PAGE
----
I think the saddest four words (for me… because really this post is all about me – just kidding!) were “the dress I sewed”. The minute I saw the photos I was desperately anticipating the moment when you would reveal the designer of your dress (who I would of course immediately google and track down). Its stunning and exactly the type of dress I want to wear.

        Dresses in Australia are unfortunately mostly *crap*. Translation: strapless/too revealing and accordingly not my type – but stunning on other, slimmer, brides.

        Congratulations Giggles, the wedding (and the dress… ah love) is absolutely beautiful. Love the photo behind the berries. If you ever decide to make a career out of wedding dress design, look me up!

        • You are so sweet! Thank you!

          My first thought when I started to read your comment was that it was real sad that I’d made my dress and you could tell it was homemade and it really looked kind of pathetic. But that’s my own fear about my sewing coming out. I see every flaw in everything I sew. So far nobody else has been able to see them though.

          Thank you so much for humoring me and thinking it was a designer dress. ;) The base of the dress was from a Vogue pattern, does that count?

          We had one of his nephews take photos of us too and he just couldn’t get over how casual I was with my dress. I knew what the effort and cost of it was and was perfectly okay with it getting wet in the snow and not throwing a fit about it. Besides, by that point, we were already married, everything else that day was just extra.

  • That’s my girl! I was lucky enough to be in Lisa’s wedding posse and run a couple of errands for her (I chose napkin colors based on the paint chip numbers she emailed me) and I was lucky enough to see the beginning of their relationship and its blossoming into the inspiring marriage they have now. I was also lucky enough to drive nearly 2 hours through some pretty heavy snow without sliding off the road. ;)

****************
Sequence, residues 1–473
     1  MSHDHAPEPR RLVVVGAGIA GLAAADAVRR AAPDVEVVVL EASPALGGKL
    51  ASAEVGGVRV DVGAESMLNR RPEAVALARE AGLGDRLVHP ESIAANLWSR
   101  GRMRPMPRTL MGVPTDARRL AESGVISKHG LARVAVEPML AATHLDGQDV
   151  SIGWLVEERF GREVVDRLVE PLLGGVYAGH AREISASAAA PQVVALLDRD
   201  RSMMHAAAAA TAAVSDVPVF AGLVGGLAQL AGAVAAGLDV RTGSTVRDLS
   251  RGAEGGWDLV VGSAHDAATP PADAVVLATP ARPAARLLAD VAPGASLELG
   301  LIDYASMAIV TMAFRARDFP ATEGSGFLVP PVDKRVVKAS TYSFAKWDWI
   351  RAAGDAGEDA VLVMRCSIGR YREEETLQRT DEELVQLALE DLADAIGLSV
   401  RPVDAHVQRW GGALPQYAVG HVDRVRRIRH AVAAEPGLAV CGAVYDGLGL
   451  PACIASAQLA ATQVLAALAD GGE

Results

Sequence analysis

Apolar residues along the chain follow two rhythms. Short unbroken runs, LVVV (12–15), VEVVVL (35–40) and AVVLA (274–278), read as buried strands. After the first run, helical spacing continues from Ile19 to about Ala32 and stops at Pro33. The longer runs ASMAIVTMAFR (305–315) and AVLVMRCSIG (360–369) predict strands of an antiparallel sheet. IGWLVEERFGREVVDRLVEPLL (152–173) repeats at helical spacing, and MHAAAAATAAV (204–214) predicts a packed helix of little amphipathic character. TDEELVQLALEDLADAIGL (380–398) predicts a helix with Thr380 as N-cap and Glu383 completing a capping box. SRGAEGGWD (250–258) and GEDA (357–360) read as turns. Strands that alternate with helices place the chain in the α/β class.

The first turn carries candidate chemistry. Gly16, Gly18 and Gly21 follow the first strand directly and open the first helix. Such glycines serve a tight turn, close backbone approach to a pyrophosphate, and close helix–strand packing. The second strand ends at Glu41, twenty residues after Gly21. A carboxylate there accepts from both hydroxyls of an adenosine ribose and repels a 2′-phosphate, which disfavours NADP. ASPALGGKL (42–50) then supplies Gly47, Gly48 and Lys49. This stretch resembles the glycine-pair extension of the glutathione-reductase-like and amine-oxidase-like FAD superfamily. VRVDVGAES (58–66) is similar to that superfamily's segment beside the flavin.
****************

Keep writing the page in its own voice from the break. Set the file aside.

I hope someday to have a wedding as laid-back and happy as Lisa and Brett’s! Thank goodness we’re friends so I can talk to someone who’s already done it and done it well! Love you, Lisa!

    • Wedding posse member extraordinaire! I feel like I was the lucky one to have friends like you.

  • Meg, once again you’ve given me the conversation I need to be having today. I am struggling to keep my wedding about family, and seeing this example gives me encouragement and hope, and plenty of ideas that can keep me flexible while dealing with my actual family, and not the family I wish got cast to play in the wedding I want.

    • Ha! If only we could cast the people in our lives, I’d definitely have some different casting ideas. Good luck!

  • Liz

    I LOVE the anti-to-do-list and the anti-budget! What a fantastic idea! And the ribbon flowers are gorgeous-what a great detail! Thank you, Meg and Lisa both, for continuing evidence of practical, beautiful weddings across cultures and religions. I love knowing that, regardless of differences in religious or spiritual beliefs, Team Practical still bands together with the commonly held values of sanity, frugality, and the creation of a new family.

  • Shelly

    I’m so glad you mentioned going for a run the morning of your wedding. What a wonderful moment to spend with your dad. I hadn’t even thought of allotting time on my wedding day to go for a run, which seems silly since that is something I love, always makes me feel great, and helps me to clear my head.

    Also, have to agree with all those who’ve said that the anti-to-do-list is an amazing idea. Drafting mine up now!

  • Mary

    Pure and utter genius = Anti-To-Do-List. Love the long underwear – a friend of mine got married a few years ago in late September in New England. She wore white UGGS under her wedding dress. I loved when she picked up that long dress when she was dancing! I new her tootsies were warm and cozy and she looked so cute! Congratulations Lisa and Brett. It sounds like you will enjoy eternity!!

  • I, too, was blessed to be part of Lisa’s wedding posse. She and Brett truly are perfect for each other and this wedding was perfect for them! It gives me hope for my own one day. A-typical traditionalists FTW!